Colon Cancer Screening and Prevention in Arizona

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Colon and rectal cancer is typically one of the more preventable cancers. The rectum and colon are located in the large intestine, which will absorb water and nutrients from digested food, and holds solid waste before it's expelled from the body.

Screening for colon cancer is simply searching for polyps and growths that could be cancerous on the inside wall of the rectum and colon when no GI symptoms exist. A polyp is a noncancerous growth in the colon. Some of these may grow into cancer later on. Detecting and removing these polyps and any malignant tumors may help avoid difficulties and death caused by colorectal cancer.

Our experienced GI physicians routinely perform screenings for colon cancer for Phoenix, AZ residents. To arrange for a screening, contact Arizona Digestive Health today.

What are the benefits of a colon cancer screening?

Regular screenings for colon cancer are important to your general and digestive health. Some of the advantages of colorectal cancer screenings are:

  • Identify and extract precancerous growths (polyps) in the colon and rectum
  • Potentially diagnose colorectal cancer earlier
  • Potentially prevent colon cancer from developing
  • May be life-saving
  • Diagnose other GI conditions, like inflammatory bowel disease

Cancer of the colon or rectum may not carry signs or symptoms until the advanced stages. Undergoing screenings periodically can help diagnose any issues as soon as possible.

Individuals should ask their GI specialist at Arizona Digestive Health when they should go to their screenings and what tests to have. The tests listed below may be used for a colorectal cancer screening:

  • Flexible sigmoidoscopy: A sigmoidoscopy will be used to look at the inner lower colon and rectum. A tube about the size of a finger that has a camera (called a sigmoidoscope) will enter the rectum so we can take images of the inner wall as well as some of the colon. It can be used to take a biopsy of the polyp or tumor and remove some polyps. However, a colonoscopy needs to be completed to see the entire colon and get rid of all polyps and tumors. This procedure is fairly safe but there is a slight chance of bowel tearing, bleeding, and infection.
  • Colonoscopy: A colonoscope is like a sigmoidoscope, but it is longer and used to examine the inner wall of the entire colon. It is snaked through your rectum and the doctor can see a full view of the colon on our computer system. Specific tools may be passed through the colonoscope to take the biopsy and remove polyps. Sedation is required. There is a small risk of bowel tearing, bleeding, and infection after the procedure.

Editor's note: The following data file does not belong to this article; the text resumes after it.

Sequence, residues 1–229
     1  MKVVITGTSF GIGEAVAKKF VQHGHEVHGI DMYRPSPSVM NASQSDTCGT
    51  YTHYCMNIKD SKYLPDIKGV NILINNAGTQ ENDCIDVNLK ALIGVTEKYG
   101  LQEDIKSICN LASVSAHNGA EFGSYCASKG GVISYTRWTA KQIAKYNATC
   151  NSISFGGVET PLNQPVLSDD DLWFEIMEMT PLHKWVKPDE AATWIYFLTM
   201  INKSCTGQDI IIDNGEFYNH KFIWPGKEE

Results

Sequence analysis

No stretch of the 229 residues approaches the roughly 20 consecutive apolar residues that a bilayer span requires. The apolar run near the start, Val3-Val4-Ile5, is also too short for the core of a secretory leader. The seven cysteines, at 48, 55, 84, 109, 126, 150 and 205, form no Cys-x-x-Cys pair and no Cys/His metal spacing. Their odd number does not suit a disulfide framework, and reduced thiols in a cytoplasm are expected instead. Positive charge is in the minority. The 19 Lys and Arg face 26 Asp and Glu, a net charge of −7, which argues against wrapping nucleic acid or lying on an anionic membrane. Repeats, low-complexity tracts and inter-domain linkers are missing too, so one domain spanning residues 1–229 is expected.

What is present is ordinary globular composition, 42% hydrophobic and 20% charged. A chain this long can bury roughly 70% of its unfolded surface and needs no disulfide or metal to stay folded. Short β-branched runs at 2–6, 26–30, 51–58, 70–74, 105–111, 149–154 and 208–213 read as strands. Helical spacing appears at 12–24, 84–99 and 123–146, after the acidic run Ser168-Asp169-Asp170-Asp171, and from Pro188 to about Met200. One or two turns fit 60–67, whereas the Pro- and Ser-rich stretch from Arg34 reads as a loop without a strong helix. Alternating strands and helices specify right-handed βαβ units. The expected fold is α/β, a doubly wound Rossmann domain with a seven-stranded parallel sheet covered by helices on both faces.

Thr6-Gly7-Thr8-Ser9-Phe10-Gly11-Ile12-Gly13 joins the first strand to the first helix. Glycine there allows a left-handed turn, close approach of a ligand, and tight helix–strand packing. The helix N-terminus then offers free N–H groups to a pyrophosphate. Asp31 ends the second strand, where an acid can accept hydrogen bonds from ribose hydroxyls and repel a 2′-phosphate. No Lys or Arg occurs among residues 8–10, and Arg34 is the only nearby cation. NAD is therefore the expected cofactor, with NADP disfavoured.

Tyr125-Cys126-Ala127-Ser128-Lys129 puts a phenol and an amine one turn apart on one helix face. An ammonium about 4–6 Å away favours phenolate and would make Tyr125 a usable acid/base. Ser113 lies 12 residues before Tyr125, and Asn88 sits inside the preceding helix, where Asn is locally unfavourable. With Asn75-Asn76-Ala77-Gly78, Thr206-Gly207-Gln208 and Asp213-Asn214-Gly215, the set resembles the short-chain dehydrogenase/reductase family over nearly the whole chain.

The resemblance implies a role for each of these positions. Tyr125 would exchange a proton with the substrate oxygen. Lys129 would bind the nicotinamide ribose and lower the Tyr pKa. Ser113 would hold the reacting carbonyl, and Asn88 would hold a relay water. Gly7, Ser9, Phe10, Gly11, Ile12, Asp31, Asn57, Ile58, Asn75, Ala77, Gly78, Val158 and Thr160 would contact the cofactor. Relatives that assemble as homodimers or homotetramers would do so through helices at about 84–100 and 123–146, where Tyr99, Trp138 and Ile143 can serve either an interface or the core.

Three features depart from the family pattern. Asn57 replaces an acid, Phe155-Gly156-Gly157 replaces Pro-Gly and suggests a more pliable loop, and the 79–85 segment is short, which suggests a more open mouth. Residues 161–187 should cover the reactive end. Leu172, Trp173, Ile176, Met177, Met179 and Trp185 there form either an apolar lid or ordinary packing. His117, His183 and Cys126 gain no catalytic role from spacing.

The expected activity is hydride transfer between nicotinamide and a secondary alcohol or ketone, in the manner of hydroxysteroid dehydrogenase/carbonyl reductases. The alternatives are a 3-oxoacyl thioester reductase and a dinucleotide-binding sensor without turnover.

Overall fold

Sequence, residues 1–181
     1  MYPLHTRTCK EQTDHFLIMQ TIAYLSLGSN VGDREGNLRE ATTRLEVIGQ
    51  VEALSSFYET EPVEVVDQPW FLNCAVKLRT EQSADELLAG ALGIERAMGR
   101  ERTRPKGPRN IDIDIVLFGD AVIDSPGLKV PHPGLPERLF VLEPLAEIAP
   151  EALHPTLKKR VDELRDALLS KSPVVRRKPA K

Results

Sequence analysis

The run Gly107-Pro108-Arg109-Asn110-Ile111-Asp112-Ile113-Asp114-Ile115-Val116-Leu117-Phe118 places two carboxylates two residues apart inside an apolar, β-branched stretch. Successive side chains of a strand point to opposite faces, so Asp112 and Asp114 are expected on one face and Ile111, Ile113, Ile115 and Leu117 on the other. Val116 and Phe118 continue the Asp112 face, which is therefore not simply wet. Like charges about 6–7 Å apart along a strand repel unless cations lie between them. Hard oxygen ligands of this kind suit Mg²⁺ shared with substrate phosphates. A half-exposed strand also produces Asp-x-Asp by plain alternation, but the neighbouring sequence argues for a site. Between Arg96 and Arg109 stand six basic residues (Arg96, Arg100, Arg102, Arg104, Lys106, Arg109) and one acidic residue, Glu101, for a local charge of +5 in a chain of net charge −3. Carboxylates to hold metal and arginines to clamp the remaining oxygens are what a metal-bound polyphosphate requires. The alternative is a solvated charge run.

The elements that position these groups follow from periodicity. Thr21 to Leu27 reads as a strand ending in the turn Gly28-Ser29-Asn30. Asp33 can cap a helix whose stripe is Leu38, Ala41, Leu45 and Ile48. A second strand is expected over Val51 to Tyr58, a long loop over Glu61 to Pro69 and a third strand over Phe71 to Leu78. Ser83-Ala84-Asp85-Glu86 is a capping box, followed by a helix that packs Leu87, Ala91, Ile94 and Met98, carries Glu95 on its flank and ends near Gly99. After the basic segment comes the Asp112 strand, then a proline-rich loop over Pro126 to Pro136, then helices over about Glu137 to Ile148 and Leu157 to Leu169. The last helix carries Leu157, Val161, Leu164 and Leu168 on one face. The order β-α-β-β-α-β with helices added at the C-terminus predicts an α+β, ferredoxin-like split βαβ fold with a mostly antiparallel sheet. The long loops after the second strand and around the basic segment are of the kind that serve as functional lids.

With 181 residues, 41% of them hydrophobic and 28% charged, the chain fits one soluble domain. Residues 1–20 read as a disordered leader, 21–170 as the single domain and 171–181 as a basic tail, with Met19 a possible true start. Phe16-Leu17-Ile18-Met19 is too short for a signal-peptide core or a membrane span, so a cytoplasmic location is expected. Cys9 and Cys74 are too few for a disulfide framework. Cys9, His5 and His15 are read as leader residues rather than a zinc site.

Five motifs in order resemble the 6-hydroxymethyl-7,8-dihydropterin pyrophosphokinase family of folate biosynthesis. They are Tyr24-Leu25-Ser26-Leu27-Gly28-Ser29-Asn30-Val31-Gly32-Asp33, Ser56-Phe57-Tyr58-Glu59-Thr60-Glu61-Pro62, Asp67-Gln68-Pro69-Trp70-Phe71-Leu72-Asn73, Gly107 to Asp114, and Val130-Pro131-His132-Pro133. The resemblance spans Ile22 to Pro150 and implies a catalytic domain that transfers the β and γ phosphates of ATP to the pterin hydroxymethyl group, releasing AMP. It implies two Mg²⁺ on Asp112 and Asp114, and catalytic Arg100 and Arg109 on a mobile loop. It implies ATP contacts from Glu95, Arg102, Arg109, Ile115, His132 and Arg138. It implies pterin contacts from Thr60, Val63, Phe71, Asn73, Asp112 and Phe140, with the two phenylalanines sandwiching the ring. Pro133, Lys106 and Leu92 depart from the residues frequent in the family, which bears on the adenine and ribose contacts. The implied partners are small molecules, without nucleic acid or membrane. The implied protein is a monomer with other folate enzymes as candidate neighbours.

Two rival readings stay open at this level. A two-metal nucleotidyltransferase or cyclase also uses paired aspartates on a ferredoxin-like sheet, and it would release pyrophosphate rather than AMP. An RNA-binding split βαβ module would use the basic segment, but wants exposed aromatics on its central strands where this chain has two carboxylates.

• Fecal test: Fecal tests are performed with a fecal sample and are totally safe. These tests may not give confirmatory results but may suggest abnormalities in the gastrointestinal tract, necessitating more tests. A colonoscopy needs to be performed if results are positive, indicating the presence of cancerous growths in your colon. Our Phoenix, AZ gastroenterologists performed three types of fecal tests:
    • Fecal immunochemical tests detect blood through a certain immunochemical reaction of protein in the blood.
    • Stool DNA tests identify certain abnormal DNA genes from the cells shed from cancerous growths or polyps in the stool sample.
    • Fecal occult blood tests can detect blood in your feces that isn't visible to the eye through a chemical reaction.
  • Double-contrast barium enema: A thin tube is inserted into the rectum and barium sulfate, which is a liquid that is white and chalky, and air are pumped into your colon. The barium suspension lines the outer walls of the colon. X-rays of the colon will then be taken to show abnormalities on the inner wall of your colon. If abnormalities are identified, a colonoscopy will be required to remove the tumors or polyps.
  • Virtual colonoscopy: This is a CT scan of the colon. The person is asked to lie on our table where the CT scanner will take images of your colon. It is a noninvasive technique and doesn't require any sedation. If we find any abnormalities, a colonoscopy needs to be completed to extract the polyps or tumors.

The people who are at risk for colon cancer should undergo screenings more regularly. Risk factors for colon cancer include:

  • Individuals with a previous history of uterine, breast, or ovarian cancer
  • People over 45 years of age
  • Patients with close family members like parents, siblings, or children who have or had colon cancer
  • Individuals who have developed familial adenomatous polyposis, a condition where patients develop many polyps in their colon and rectum
  • People who have had colon cancer earlier in their life
  • Patients with a sedentary lifestyle, bad eating habits, and who smoke
  • Individuals with ulcerative colitis and Crohn’s disease

If you are at risk for colon cancer in Phoenix, AZ, then please reach out to our location to schedule regular colon cancer screenings at Arizona Digestive Health.